Ren Powell generously gave me the chance to read "God's in the Butter" again here in her podcast, This Choice, as well as the chance to answer her artful questions about poetry's grip on my psyche and the manner in which exposure to world religions on a childhood commune, my subsequent experience of motherhood, and my latest Tarot devotions shape my relationship to my body, mind, and the poems I can't seem to stop writing. 

(Also included in the podcast is a reading of Dickinson's poem.)

You can listen here to the full podcast: 

And also check out the first interview in the series:
This Choice, Kelli Russell Agodon (Agodon is the founder of Two Sylvias Press, and co-creator of the Poet Tarot deck).

Photo by Robyn Beattie
Related Links:

Wheel of Archetypal Selves: The Many Faces of Change, my next Tarot Writing class, begins April 11 and runs for 9 weeks. Major Arcana under study: Chariot, Wheel of Fortune, Devil, Hermit, Strength, Tower, Death and Fool Cards. No prior experience of the Tarot cards necessary.

To learn about my approach to Tarot Writing, visit Tarot Tuesdays at Wheel of Archetypal Selves on Facebook where I post a Tarot writing exercise every Tuesday or visit Tarot for Two where writer Mary Allen and I consider a card, one per month, and the role the card played in our month.

Photos by Robyn Beattie (with exception of typewriter photo).

Saturday, March 12, 2016

March Publications and Tarot Writing Prompts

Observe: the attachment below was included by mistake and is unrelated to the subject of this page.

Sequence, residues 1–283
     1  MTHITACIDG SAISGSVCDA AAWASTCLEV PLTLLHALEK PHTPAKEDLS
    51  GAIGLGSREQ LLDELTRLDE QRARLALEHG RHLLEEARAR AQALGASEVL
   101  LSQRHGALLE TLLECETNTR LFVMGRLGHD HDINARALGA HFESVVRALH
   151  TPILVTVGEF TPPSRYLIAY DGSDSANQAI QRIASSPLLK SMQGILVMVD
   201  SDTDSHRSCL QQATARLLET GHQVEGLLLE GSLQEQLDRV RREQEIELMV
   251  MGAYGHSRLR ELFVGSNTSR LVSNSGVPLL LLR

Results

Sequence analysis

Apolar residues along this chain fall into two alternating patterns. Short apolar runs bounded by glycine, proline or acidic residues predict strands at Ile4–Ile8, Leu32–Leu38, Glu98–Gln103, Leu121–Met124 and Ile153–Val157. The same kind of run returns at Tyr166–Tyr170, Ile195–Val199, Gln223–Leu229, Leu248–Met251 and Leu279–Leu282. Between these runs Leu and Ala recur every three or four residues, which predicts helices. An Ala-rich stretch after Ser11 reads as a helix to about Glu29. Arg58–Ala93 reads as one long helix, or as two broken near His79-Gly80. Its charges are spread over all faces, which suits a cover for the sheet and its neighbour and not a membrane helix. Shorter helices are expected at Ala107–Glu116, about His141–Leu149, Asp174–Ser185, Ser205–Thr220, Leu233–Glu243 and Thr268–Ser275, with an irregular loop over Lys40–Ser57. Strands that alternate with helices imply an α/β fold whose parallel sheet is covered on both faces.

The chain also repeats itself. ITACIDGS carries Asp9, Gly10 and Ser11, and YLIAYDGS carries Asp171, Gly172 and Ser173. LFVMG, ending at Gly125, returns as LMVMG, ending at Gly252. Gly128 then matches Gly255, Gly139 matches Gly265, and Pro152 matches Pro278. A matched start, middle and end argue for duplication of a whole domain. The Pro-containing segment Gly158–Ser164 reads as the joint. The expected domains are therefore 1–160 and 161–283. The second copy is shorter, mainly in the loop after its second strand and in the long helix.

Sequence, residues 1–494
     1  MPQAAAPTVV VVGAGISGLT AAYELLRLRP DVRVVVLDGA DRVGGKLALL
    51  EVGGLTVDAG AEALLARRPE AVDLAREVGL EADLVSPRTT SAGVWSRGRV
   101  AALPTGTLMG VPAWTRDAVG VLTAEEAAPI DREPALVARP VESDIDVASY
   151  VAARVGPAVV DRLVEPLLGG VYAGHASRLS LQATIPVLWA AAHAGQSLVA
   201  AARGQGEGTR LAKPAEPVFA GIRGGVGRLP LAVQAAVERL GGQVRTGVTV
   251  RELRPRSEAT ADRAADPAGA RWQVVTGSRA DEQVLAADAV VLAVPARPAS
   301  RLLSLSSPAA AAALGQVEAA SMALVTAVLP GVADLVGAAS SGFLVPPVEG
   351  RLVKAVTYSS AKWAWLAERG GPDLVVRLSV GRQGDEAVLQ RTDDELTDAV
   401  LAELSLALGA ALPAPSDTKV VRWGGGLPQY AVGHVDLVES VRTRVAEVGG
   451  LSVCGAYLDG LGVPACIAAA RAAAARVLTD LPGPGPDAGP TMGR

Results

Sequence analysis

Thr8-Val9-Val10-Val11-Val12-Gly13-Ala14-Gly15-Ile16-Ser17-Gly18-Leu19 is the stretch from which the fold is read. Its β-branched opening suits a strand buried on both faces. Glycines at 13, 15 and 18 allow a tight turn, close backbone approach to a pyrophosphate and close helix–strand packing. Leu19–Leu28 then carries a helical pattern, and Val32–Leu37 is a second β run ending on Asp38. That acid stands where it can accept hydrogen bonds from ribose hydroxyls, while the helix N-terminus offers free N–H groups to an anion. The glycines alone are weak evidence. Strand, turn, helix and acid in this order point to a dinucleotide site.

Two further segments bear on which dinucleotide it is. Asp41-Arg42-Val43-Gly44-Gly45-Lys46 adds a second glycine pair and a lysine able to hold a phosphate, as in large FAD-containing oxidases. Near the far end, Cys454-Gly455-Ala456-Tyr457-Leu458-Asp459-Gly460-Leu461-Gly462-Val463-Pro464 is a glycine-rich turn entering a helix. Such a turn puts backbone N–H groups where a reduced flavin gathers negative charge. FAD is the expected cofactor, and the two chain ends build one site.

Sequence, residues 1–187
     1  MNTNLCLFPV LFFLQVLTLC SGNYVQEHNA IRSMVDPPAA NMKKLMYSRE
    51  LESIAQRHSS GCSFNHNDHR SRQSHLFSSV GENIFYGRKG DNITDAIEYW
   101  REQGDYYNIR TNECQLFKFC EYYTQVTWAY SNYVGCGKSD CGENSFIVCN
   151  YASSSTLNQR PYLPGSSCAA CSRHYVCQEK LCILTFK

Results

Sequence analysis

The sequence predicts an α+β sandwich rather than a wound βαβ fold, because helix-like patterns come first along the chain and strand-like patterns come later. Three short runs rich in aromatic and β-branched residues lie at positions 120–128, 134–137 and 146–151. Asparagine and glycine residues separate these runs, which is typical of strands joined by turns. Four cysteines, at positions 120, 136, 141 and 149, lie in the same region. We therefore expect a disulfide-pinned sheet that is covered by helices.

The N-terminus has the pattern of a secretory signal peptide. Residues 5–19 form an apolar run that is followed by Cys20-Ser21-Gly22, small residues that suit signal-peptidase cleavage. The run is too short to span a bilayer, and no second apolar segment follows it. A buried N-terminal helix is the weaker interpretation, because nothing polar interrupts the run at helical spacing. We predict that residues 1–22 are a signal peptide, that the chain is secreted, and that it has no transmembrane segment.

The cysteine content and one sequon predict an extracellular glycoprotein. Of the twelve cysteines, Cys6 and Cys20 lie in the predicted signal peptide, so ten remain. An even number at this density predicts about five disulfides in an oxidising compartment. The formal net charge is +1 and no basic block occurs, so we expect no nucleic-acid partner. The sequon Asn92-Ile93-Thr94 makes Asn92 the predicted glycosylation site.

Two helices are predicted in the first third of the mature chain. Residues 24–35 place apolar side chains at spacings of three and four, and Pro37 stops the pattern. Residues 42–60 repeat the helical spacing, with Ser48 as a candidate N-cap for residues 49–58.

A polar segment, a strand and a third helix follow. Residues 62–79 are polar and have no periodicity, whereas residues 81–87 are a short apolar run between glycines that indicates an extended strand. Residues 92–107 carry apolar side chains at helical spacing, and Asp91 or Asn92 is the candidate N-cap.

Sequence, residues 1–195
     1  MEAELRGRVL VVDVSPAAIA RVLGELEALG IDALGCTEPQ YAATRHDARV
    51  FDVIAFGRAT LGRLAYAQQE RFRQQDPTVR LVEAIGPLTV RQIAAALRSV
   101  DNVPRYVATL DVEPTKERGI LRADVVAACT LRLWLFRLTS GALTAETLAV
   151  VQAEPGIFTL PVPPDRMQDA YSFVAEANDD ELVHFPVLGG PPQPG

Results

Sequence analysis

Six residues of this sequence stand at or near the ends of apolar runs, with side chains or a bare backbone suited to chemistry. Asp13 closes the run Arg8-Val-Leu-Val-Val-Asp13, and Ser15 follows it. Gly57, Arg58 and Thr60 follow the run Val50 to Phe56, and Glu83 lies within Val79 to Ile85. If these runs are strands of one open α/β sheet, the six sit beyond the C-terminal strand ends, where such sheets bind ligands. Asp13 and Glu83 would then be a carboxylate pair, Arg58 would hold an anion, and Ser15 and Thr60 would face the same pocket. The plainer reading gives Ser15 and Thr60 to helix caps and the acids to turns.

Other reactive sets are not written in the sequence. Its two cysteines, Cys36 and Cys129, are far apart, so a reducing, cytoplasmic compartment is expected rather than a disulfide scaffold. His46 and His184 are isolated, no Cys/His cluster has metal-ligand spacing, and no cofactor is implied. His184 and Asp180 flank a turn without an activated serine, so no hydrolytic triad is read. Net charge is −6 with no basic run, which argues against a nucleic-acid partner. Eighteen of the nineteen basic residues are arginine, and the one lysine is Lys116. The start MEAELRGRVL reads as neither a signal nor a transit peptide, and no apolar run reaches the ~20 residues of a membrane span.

Robyn Beattie
“Walking the Laguna,” dedicated to Reginald Shepherd, is live in this month’s issue of TAB, A Journal of Poetry and Poetics thanks to Anna Leahy. The poem is up both as a PDF and sound recording. You won’t hear my Siberian Husky in the background of the final MP3, but she gave it her best shot (see Pet Bedlam, Three Takes to Record a Poem)! I love that TAB includes our written words and our actual voices. The issue is beautiful in entirety.

Robyn Beattie 
When Elder Becomes Child,” is up at Marisa Gaudy’s website as part of her #365Strong Stories thread; I am grateful to the artists and writers I’m blessed to collaborate with thanks to Tracking Wonder's Quest 2016. Marisa is looking for submissions for her Strong Stories series; please do send her your work.

All through December, I used colored pencils while on Quest to sketch out and explore my Tarot Devotions and dreams for my Tarot Writing Business; I’m blessed to be in the middle of teaching my new Wheel of Archetypal Selves Courses: The Many Faces of Love and working on creating new courses around Tarot Deck creation. I'm happily booking  Tarot Consults with writing prompts and giving away a weekly Tarot Writing prompt at my Wheel of Archetypal Selves Tarot Tuesday page. 

Photo Robyn Beattie
I created Tarot Tuesdays with my prior and current Tarot students in mind and also invite artists, writers, and Tarot enthusiasts to check out the prompts. We’re moving sequentially through the deck, starting with the suit of Cups. If you are not a fan of Facebook, you can also find the prompts on my main site (links included below for Ace of Cups through Six of Cups).

Here are the links to far:

Prompt for Ace of Cups

Prompt for Two of Cups

Prompt for Three of Cups

Prompt for Four of Cups

Prompt for Five of Cups

Prompt for Six of Cups

Robyn Beattie
A second goal for this project is an ongoing collaboration with Robyn Beattie—she’s supplying a photo interpretation of each card, and I’m writing a Haiku. 

Last week's Haiku for the Five of Cups:

Grief is a blue cloak
Wicking tears from root-spilled cups
Widow, turn: Friends wait.

It’ll take us a year and a half to create our full deck of Tarot Writing prompts using Robyn’s images paired with Haiku and drawing on the prompts up on the website—but I’m very excited about this project, which seems a new beautiful extension of our poetry movies.

I’d love any feedback about how the prompts are working for you so we can create the best set of Tarot Writing prompt cards possible. Let me know in comments here, on Facebook, or on my main site, how the prompts are working for you.